Google is introducing new features to help identify AI images in Search and elsewhere. In this way, fake artificial intelligence images used for malicious purposes will be detected.
Google is taking the first critical step to combat the potential for misinformation from AI-generated images. Among the announcements made at the I/O 2023 developer conference was the detection and identification of images created by artificial intelligence. The firm is introducing two new features for this: “About this image” and more background information about the image itself, and direct identification with “artificial intelligence generated” labeling.
The company says the new features are an extension of its existing work to include more visual literacy and help people more quickly assess whether an image is reliable or artificially generated. Of course, these features brought by Google do not prevent images created by artificial intelligence for the purpose of misinformation, but at least they facilitate the detection of these images.
“About this image”
The first new add-on coming “in the coming months” will offer more information about images in the “About this image” feature. With this feature, the user will be shown where the searched image or similar appears for the first time online. Of course, where else the image was seen will also be shown. This second part may include such things as news sites or fact-checking sites; this may prompt web searchers to learn more about the image, including how it may have been used in misinformation campaigns.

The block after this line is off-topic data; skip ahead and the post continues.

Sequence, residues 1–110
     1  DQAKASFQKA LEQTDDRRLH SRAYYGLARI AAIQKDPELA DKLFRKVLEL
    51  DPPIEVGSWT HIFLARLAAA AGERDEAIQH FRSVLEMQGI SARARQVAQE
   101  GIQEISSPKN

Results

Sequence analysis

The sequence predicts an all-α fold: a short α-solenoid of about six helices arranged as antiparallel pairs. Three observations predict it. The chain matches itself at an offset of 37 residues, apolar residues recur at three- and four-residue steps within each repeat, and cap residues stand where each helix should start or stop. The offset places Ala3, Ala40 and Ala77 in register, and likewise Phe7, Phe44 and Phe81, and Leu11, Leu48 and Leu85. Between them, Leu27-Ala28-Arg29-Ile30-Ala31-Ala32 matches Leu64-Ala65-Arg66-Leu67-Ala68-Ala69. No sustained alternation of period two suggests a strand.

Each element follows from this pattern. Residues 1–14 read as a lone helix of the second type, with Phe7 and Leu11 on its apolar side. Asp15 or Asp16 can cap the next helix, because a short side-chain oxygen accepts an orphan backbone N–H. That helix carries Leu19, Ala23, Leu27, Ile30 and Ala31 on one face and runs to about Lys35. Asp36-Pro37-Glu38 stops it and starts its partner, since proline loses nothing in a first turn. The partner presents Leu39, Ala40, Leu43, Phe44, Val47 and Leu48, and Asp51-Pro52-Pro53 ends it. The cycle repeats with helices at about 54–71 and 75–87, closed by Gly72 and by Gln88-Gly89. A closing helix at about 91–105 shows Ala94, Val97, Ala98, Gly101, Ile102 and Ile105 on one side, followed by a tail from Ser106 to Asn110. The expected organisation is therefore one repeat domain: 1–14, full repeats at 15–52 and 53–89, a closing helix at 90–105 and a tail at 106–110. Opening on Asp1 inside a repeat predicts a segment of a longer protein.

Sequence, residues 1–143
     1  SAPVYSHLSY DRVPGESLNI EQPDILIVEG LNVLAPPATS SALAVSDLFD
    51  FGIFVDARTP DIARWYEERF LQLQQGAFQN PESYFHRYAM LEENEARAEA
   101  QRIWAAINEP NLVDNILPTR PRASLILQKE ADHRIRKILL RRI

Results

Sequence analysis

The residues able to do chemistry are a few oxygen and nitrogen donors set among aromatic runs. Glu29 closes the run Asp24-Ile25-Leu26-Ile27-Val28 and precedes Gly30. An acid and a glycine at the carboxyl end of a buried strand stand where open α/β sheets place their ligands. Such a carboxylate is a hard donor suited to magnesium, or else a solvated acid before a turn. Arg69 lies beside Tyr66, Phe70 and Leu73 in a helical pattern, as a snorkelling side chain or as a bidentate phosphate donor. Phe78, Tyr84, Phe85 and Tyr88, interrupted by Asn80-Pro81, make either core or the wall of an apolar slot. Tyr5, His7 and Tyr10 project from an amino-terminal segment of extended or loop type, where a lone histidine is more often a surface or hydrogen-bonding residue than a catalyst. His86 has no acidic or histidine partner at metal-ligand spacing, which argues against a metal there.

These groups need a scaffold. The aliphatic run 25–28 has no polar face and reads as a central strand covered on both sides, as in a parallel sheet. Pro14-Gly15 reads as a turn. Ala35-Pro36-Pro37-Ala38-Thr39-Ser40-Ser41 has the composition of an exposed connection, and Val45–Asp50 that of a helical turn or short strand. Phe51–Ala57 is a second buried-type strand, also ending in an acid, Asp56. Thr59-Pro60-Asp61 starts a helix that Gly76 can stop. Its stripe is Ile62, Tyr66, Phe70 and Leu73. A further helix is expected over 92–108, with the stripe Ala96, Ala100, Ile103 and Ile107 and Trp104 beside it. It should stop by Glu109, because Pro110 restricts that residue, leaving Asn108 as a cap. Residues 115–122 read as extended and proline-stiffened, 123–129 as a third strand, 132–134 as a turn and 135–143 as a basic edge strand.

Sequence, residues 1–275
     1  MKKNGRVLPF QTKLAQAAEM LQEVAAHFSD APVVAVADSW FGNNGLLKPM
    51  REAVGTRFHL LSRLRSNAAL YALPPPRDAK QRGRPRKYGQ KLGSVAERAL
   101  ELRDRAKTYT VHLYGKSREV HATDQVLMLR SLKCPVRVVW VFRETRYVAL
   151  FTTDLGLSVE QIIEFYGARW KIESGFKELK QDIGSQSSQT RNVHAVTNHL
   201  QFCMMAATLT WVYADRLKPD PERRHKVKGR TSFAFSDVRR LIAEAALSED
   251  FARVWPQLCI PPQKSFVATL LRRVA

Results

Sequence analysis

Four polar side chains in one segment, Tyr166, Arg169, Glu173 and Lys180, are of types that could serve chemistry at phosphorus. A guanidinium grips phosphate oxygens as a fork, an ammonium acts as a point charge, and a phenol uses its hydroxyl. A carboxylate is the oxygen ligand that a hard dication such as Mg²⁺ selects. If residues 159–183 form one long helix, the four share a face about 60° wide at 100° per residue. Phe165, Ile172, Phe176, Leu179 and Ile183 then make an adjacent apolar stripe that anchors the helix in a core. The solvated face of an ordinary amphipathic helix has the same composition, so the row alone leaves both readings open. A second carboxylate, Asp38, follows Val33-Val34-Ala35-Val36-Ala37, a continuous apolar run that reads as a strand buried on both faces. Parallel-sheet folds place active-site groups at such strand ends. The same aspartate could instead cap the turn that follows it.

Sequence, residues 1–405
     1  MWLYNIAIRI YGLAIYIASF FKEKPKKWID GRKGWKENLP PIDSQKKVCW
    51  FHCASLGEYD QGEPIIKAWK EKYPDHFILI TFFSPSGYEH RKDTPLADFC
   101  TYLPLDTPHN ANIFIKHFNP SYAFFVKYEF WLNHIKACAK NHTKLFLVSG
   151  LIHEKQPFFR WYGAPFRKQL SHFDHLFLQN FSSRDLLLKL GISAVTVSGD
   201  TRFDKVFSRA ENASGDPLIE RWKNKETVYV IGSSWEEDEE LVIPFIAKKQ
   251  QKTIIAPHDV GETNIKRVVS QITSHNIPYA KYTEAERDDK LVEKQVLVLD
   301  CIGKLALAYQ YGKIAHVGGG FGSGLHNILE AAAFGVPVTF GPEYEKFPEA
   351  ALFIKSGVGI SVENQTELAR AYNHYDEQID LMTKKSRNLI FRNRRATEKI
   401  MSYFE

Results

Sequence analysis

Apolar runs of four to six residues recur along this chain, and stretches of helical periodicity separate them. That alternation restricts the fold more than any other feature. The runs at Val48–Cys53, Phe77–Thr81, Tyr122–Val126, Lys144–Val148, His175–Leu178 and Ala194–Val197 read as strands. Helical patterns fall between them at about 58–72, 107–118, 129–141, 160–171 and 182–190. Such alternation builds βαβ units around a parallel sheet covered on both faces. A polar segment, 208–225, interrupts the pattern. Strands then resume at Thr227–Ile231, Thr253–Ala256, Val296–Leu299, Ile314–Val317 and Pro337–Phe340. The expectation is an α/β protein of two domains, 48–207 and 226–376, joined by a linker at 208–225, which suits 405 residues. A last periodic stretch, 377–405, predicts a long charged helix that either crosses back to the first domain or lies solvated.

According to Poynter research conducted in 2022, Google states that 62 percent of people now encounter false information on a daily or weekly basis. Google hopes to fix this issue with the “About this image” feature. Google is proactive by promoting this tool before the internet is flooded with subtle AI-generated images (for example, Pope Francis wearing a puffer jacket).
“Created by artificial intelligence”
Later this year, users will be able to access the feature by right-clicking or long-pressing an image in the mobile and desktop Google Chrome web browser. However, this feature will initially be limited to the US and will only be available in English.
Meanwhile, it introduces a second feature that makes it easier to detect AI-generated images. For now, images produced by Google’s artificial intelligence tools will be labeled “artificial intelligence created”. Google says many publishers will adopt the feature, including Midjourney, Shutterstock, and others. Google said this feature will also be available “in the coming months.”